FT-IR analysis of the biosynthesized silver nanoparticles revealed clear absorption peaks at 2327, 2352, 2117, 1999, 1600, 1312, and 1183 cm−1 (Fig. 5). The different absorption peaks, such as those at 1000–1300 cm−1, which could be aldehyde or ketone, and 1999 cm−1, which could be aromatics, and peak at 2300 cm−1, which could be the amide I bond of proteins, are caused by carbonyl stretching in proteins and by the interaction of AgNPs during biosynthesis, and the secondary structure was unaffected during the reaction with Ag+ ions or after binding with Ag nanoparticles. The carbonyl group of amino acid residues has a good binding ability with silver, indicating the formation of covering layers of AgNPs and acting as a capping mediator to prevent agglomeration and give the medium strength, according to this study. These findings support the existence of proteins that act as reducing and stabilising agents [27].

Fig. 5
figure 5

Showing FTIR spectrum of AgNPs

XRD of Synthesized silver nanoparticles

X-ray crystallographic diffraction pattern revealed the crystallinity of bio-reduced AgNPs. The XRD data confirmed the presence of AgNPs. The intensity data were collected over a 2-theta range of 10˚-70˚. The strong four peak was located at 3.23˚, 2.79˚, 2.04˚ and 1.44˚. The reflections of metallic silver were revealed by a prominent and high diffraction peak centred at 3.23. The strong peaks clearly show that the synthesised AgNPs have a face-centered cubic (fcc) shape in nature. These results are as per the previous XRD results of biosynthesized AgNPs and shown in Fig. 6.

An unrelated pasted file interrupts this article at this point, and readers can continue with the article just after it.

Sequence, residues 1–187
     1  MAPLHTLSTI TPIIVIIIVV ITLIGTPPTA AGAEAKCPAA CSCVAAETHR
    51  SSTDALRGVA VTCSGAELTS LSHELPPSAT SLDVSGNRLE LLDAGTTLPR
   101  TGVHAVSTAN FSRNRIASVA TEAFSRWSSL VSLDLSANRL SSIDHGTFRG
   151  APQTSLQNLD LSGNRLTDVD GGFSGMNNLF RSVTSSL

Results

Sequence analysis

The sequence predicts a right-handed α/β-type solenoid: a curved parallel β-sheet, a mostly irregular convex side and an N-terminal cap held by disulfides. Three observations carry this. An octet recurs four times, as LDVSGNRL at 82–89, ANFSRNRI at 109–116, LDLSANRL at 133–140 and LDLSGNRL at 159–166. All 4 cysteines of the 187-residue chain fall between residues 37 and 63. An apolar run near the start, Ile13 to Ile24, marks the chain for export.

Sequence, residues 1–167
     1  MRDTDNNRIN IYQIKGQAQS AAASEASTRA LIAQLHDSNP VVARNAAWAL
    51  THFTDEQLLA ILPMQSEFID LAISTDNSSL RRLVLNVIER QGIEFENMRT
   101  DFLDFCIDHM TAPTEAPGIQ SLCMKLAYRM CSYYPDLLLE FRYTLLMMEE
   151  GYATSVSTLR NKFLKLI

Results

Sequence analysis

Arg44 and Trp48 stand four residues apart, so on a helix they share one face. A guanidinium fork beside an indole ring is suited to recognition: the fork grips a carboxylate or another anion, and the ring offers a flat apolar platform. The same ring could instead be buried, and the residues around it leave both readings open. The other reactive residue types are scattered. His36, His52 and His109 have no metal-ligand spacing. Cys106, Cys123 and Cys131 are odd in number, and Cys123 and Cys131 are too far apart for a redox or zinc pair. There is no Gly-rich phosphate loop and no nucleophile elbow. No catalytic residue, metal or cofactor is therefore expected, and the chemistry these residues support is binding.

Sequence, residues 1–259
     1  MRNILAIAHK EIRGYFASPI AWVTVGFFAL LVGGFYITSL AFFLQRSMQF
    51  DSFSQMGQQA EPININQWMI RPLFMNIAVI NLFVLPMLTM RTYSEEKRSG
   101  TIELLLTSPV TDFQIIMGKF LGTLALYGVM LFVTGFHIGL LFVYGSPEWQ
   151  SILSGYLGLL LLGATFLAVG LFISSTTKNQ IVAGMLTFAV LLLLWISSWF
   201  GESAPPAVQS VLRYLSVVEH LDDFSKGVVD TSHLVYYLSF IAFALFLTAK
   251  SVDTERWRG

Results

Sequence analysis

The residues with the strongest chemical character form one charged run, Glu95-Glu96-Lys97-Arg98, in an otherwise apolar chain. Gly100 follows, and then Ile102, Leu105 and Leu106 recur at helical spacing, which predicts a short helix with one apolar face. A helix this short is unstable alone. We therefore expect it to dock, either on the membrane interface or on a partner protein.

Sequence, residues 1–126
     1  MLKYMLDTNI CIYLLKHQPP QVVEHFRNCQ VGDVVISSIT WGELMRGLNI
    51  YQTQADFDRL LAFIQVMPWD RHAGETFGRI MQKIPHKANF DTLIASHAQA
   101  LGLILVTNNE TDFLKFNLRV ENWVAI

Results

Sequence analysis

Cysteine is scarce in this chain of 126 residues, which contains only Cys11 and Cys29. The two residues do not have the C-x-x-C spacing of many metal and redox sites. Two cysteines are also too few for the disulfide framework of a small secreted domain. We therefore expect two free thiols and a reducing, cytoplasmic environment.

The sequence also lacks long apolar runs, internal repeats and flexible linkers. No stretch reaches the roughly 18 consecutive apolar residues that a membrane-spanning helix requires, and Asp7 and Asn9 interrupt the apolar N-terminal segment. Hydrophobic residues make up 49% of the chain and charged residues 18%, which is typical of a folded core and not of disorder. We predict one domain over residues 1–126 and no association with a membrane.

Fig. 6
figure 6

The X-ray diffraction pattern of the biosynthesised AgNPs from the leaf extract

EDAX of synthesized silver nanoparticles

The energy dispersive spectrum of the produced nanoparticles is shown in Fig. 7, indicating the presence of silver as a component element. Due to surface plasmon resonance, metallic silver nanoparticles often have a significant signal peak at 3 keV. EDAX results depicts the quantitative information of biosynthesized AgNPs. The presence of elements such as Ag, Au and O are shown in the inset of Fig. 7. One of the advantages of nanoparticles made with plant extracts over those made with chemical processes is this. The produced silver nanoparticles demonstrate high absorption in the 2.8–3.8 keV region in this study. Jagtap and Bapat and Vijaykumar obtained similar results using Artemisia nilagirica leaf and Artocarpus heterophyllus seed extracts, with silver nanoparticle production in the 2–4 keV range [11].